Monday, July 25, 2005

Exercise: Homophonic Translation

EXERCISE*: Take a poem, or part of a poem, in a foreign language and translate it word for word according to what it sounds like in English. Try this with a language you know and then with one you don't know. Don't use a dictionary, just rely on what your ears hear and go from there.

This exercise is courtesy of Charles Bernstein from p. 126-8 in The Practice of Poetry, ed. by Robin Behn & Chase Twichell.

The source poem I chose is "Negro Bembon" by Afro-Cuban poet, Nicolas Guillen. For your convenience, I'll post the text here:

Negro Bembón

¿Po qué te pone tan brabo,
cuando te dicen negro bembón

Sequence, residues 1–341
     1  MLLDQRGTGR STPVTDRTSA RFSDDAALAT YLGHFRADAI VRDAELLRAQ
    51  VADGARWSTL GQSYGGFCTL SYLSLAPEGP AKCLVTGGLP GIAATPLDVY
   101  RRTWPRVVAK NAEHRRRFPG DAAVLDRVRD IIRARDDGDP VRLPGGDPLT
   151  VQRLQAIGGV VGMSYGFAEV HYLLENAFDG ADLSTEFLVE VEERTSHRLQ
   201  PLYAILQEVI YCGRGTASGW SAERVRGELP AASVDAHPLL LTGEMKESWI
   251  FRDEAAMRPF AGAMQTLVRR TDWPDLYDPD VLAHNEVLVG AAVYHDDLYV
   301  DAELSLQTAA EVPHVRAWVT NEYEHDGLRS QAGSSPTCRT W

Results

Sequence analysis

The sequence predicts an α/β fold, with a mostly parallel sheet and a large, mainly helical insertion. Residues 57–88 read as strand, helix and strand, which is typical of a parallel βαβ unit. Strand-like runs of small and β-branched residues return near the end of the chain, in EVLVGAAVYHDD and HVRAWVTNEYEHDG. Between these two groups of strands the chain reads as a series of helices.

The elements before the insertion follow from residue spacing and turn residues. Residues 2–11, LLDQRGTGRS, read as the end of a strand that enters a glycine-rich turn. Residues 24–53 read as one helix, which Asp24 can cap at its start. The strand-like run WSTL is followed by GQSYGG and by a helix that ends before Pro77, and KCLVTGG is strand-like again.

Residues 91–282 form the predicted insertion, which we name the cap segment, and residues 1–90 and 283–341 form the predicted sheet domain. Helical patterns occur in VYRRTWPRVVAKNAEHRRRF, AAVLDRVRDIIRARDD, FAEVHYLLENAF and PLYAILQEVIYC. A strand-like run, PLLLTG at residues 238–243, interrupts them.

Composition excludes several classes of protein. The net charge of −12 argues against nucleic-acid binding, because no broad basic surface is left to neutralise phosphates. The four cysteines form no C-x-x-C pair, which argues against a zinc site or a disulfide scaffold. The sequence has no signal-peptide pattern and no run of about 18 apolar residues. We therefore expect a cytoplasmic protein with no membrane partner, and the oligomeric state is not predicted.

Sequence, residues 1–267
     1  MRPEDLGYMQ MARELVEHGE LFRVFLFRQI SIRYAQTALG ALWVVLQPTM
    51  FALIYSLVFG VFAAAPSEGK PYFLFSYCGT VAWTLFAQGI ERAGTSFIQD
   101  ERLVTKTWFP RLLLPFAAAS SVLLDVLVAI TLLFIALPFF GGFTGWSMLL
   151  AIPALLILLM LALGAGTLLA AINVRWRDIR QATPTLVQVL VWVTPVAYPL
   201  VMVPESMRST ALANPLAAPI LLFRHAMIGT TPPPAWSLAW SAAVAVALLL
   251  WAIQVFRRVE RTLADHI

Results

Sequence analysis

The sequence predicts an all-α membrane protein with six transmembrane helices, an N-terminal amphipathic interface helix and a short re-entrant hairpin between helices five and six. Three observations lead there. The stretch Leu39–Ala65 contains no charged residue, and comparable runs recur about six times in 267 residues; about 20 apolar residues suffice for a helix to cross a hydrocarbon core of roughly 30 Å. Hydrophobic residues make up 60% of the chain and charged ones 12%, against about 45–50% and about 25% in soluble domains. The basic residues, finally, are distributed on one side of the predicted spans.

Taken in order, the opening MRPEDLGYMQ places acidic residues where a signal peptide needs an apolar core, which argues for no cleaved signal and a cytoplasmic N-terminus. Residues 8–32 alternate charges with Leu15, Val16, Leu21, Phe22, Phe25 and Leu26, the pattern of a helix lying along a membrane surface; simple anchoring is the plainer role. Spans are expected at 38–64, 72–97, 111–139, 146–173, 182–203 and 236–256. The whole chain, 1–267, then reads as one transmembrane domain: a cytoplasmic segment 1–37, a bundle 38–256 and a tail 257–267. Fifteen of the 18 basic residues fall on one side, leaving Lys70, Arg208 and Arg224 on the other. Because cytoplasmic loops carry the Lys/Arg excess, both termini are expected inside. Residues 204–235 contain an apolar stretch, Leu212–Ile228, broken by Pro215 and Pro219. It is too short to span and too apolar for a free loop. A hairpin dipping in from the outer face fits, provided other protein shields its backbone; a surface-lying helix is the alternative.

,si tiene la boca santa,
negro bembóm?

Bembón así como ere
tiene de tó;
Caridá te mantiene, te lo dá tó.

Te queja todabía,
negro bembón;
sin pega y con harina,
negro bembón,
majagua de drí blanco,
negro bembón;
sapato de dó tono,
negro bembón.

Bembón así como ere
tiene de tó;
Caridá te mantiene, te lo dá tó.


Following is the homophonic translation I came up with. It's a rough draft, but it definitely succeeded in making me look at language differently:

Nigger of my bones

Poor, okay. Tea? Pour nothing. Pray boy.
Wonder. Tea the ice, Nigger of my bones.
See the tiny, lost boa constrictor,
Nigger of my bones?

My bones, I see you coming over the air.
To any, to
carry the tea. A man, to any. Tea low? There is no

Tea. Cage & tow the beer,
nigger of my bones.
Sin. Pay God. Come, hurry now,
nigger of my bones.
Ma’s hog is washed this day - dry & blond,
nigger of my bones
Sow, Pa told us that day, There is no
Nigger of my bones

My bones, I see you coming here
today, to
Carry that tea. In the meantime, the tea is low.

The day, too.

1 comment:

Tara Betts said...

Harryette Mullen plays so much with homophonic words in "Sleeping with the Dictionary". Check it, for real.